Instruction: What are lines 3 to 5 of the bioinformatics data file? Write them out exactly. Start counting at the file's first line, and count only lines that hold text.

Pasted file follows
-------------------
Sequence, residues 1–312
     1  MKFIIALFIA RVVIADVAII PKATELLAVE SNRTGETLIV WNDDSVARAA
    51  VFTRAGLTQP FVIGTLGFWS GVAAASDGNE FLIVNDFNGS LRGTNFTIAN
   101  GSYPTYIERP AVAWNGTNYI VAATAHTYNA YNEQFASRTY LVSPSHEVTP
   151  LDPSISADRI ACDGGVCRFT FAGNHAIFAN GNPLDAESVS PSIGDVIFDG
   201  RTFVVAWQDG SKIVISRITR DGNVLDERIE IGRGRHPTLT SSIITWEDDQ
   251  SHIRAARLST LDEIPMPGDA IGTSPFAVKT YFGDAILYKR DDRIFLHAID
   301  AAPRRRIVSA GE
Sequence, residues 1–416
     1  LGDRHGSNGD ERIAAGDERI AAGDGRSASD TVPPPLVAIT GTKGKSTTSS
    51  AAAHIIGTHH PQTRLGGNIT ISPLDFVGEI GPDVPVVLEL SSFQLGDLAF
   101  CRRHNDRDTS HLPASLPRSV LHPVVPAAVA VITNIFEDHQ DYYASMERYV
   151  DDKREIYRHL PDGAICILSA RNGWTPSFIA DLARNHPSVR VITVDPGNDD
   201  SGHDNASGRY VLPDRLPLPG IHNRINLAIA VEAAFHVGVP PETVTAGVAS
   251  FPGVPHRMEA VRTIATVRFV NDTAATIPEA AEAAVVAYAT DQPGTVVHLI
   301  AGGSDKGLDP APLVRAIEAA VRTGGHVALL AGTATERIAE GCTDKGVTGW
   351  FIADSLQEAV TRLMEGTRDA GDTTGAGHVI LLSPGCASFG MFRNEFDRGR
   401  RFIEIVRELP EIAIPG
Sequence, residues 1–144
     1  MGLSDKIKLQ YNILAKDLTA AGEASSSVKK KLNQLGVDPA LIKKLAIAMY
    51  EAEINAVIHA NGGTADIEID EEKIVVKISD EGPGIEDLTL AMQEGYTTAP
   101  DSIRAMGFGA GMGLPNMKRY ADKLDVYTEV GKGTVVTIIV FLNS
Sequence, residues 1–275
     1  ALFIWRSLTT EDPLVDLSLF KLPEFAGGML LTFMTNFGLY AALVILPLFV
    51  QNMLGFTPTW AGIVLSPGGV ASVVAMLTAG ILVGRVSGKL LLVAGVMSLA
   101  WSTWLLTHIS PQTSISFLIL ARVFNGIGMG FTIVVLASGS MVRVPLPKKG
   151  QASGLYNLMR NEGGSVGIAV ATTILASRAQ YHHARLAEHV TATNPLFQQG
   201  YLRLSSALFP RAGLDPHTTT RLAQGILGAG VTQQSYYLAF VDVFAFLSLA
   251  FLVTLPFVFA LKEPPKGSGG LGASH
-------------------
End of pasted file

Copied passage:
    51  VFTRAGLTQP FVIGTLGFWS GVAAASDGNE FLIVNDFNGS LRGTNFTIAN
   101  GSYPTYIERP AVAWNGTNYI VAATAHTYNA YNEQFASRTY LVSPSHEVTP
   151  LDPSISADRI ACDGGVCRFT FAGNHAIFAN GNPLDAESVS PSIGDVIFDG